Donald Trump Faces New Obstruction of Justice Charges. Sarah Murray begins our coverage with the very latest on these new charges. Sarah, out of seemingly nowhere, what do we know?
Yeah, John, I mean, obviously, the biggest deal in this is that Donald Trump is already facing several charges. Now he’s facing several more. One of them is another willful retention of documents charge. It’s related to that very sensitive Iran document that we’ve talked about before, which he showed to people in a meeting. We’ll talk more about that in a second. But the other ones are related to what prosecutors say is an alleged scheme to try to delete surveillance video. Those charges include altering, destroying, mutilating, or concealing an object and corruptly altering, destroying, mutilating, or concealing a document, record, or other object. According to the indictment, there’s a new defendant in this case, Carlos de Oliveira, who is now allegedly involved in this scheme to try to delete the surveillance video. It’s after the government has visited Mar-a-Lago, and they’ve subpoenaed him to return all documents with classification markings. When they go to pick it up, they notice that there are surveillance cameras outside the storage room where these documents are being kept. They then subpoena the Trump organization for these surveillance videos.
After that subpoena, in late June 2022, De Oliveira is talking to another Trump employee about the surveillance footage. According to the indictment, he asked this other Trump employee how many days this server retains the footage. The employee says it’s 45 days. De Oliveira then goes to the Trump employee and says, “The boss wants the server deleted,” and he asks, “What are we going to do?” So that’s really the heart of the scheme to try to delete this surveillance footage that is new and even this indictment. But let’s go back to that additional willful retention of documents charge because this is a document we’ve talked a lot about. Donald Trump talked about it in a meeting he had in July of 2021 at Bedminster with folks who were writing a book about Mark Meadows. Take a listen to how Donald Trump talked about that document at the time.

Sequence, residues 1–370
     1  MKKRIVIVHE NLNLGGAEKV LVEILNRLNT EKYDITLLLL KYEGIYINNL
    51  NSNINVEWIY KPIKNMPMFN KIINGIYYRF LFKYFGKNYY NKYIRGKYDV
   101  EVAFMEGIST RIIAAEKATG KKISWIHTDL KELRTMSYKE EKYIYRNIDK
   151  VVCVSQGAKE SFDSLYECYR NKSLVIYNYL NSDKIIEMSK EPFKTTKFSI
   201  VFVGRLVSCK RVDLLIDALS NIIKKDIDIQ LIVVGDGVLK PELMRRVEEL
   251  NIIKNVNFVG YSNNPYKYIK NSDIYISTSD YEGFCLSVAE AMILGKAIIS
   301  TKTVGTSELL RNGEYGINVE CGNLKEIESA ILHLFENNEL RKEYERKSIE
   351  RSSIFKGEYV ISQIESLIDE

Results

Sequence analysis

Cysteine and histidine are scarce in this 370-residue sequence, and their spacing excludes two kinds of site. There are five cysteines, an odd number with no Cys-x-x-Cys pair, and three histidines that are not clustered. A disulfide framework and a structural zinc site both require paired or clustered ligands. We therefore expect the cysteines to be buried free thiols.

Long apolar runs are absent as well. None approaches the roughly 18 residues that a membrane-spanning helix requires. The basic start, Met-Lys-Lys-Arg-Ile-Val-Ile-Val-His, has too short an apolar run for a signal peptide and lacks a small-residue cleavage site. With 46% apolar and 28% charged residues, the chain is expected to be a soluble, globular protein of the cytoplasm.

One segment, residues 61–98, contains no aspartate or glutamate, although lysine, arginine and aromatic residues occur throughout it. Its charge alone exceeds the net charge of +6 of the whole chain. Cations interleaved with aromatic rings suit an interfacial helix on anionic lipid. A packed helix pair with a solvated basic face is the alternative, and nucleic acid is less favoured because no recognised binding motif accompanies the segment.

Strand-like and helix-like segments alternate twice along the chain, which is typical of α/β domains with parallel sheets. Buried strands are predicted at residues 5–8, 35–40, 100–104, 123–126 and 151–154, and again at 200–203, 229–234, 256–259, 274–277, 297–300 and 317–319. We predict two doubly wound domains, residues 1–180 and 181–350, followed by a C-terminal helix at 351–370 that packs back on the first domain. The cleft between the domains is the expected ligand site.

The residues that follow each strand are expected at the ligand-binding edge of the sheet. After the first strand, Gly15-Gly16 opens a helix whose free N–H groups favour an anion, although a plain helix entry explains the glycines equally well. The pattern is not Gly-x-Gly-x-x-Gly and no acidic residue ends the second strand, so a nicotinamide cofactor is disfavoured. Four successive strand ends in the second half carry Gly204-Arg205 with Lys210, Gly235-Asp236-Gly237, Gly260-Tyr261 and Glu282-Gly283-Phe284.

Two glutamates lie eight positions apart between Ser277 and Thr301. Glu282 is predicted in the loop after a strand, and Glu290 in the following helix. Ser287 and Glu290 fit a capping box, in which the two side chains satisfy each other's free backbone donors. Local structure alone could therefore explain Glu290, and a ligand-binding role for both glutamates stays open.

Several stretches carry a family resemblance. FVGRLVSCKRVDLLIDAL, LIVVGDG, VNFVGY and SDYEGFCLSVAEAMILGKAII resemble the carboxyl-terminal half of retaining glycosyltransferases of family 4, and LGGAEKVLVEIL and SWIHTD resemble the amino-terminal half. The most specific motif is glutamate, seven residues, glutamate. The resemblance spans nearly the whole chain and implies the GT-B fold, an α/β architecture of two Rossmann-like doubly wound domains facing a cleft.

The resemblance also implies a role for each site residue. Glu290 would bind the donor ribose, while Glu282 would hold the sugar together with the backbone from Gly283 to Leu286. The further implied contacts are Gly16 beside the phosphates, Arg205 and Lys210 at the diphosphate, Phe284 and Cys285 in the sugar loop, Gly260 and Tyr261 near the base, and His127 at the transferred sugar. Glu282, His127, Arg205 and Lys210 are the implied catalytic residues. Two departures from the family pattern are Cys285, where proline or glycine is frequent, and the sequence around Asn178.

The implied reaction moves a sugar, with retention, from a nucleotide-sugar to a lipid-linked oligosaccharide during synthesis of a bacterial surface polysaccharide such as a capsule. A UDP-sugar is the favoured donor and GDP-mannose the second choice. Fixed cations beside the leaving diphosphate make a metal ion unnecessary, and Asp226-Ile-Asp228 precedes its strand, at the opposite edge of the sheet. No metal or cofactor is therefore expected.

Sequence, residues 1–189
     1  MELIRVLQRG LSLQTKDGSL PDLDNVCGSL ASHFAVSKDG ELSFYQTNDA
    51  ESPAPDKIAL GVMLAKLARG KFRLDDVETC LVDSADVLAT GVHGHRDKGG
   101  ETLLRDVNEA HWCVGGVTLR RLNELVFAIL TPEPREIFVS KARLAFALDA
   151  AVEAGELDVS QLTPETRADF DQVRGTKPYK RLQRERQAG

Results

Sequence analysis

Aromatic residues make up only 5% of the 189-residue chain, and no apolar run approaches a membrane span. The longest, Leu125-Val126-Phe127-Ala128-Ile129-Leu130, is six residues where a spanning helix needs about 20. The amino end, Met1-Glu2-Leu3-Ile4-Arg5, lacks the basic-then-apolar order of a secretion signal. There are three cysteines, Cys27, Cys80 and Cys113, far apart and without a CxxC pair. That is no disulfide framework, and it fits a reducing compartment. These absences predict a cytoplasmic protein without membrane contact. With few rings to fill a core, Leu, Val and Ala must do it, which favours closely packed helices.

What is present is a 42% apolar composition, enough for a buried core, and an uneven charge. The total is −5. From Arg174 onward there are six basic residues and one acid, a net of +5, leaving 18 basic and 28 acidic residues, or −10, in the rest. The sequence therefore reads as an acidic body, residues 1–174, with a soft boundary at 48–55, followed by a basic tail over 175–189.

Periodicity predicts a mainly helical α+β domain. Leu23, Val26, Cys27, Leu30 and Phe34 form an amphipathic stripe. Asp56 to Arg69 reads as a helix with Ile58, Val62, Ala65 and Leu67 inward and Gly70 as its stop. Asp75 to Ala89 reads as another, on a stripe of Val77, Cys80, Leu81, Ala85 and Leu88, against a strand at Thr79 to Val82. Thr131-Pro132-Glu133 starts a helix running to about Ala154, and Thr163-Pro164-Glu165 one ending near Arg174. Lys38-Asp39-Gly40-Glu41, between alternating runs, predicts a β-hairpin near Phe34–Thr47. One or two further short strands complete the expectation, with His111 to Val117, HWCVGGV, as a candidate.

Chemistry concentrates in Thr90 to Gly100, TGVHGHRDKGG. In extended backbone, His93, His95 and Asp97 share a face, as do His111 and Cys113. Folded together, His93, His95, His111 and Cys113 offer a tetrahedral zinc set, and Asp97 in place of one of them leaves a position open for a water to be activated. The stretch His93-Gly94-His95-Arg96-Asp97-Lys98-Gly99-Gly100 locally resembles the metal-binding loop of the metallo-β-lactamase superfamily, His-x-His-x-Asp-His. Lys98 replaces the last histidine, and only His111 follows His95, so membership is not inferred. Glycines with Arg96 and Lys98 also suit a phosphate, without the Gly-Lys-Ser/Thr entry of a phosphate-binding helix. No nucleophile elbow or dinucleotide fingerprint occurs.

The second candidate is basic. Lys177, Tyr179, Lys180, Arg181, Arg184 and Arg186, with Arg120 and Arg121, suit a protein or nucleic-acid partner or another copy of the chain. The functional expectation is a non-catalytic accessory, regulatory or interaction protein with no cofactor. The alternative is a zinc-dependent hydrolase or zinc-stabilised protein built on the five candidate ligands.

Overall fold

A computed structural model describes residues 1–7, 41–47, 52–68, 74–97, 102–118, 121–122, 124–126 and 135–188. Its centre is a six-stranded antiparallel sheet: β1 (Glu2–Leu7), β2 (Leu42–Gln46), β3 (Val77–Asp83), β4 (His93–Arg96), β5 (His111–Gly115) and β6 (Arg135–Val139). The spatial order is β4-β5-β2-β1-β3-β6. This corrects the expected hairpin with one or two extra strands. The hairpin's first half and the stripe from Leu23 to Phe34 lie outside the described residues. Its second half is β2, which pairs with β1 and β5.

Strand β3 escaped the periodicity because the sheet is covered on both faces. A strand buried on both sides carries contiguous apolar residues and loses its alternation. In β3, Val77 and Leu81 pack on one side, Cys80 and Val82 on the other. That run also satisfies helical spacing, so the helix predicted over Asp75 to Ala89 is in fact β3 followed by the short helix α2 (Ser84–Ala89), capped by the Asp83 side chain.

“This was the defense department and him. We looked at some. This was him. This wasn’t done by me. This was him. All sorts of stuff. Pages long. Wait a minute, let’s see here. I just found… Isn’t that amazing? This totally wins my case, except it is highly confidential.”
And John, this is notable because since the first version of this indictment came out since that tape came out, Trump has said he had no document. It was all bravado. The government is making it clear in this new indictment that this was not the case.
All right. As we said, a big development among so many others. Sarah Murray, thank you for bringing us up to speed on this. I expect we’ll be speaking to you again soon. Thank you. Rihel.
All right, John, let’s go over now. What we know about this new defendant. Right now, it’s not a lot. Carlos de Oliveira, as we said, is his name, and he’s the property manager at Mar-a-Lago. He was previously a valet there. We know that he’s 56 years old, and he’s now accused of helping move boxes of documents after the Justice Department first subpoenaed the former President. This happened in May of last year. De Oliveira spoke with the FBI earlier this year in January, and that’s when investigators say he lied about helping or knowing about moving the boxes. Well, he has now been charged with conspiracy to obstruct justice, destroying or concealing a document, record, or other object, and making false statements. Now, we should say that CNN has reached out to his lawyer, John Irving. We have not heard back, but Irving is among the lawyers whose firm received nearly $200,000 in payments for legal services from Donald Trump’s Save America Pack. De Oliveira is scheduled to be arraigned in federal court in Miami. John, that is expected to happen this Monday. Many more things to watch.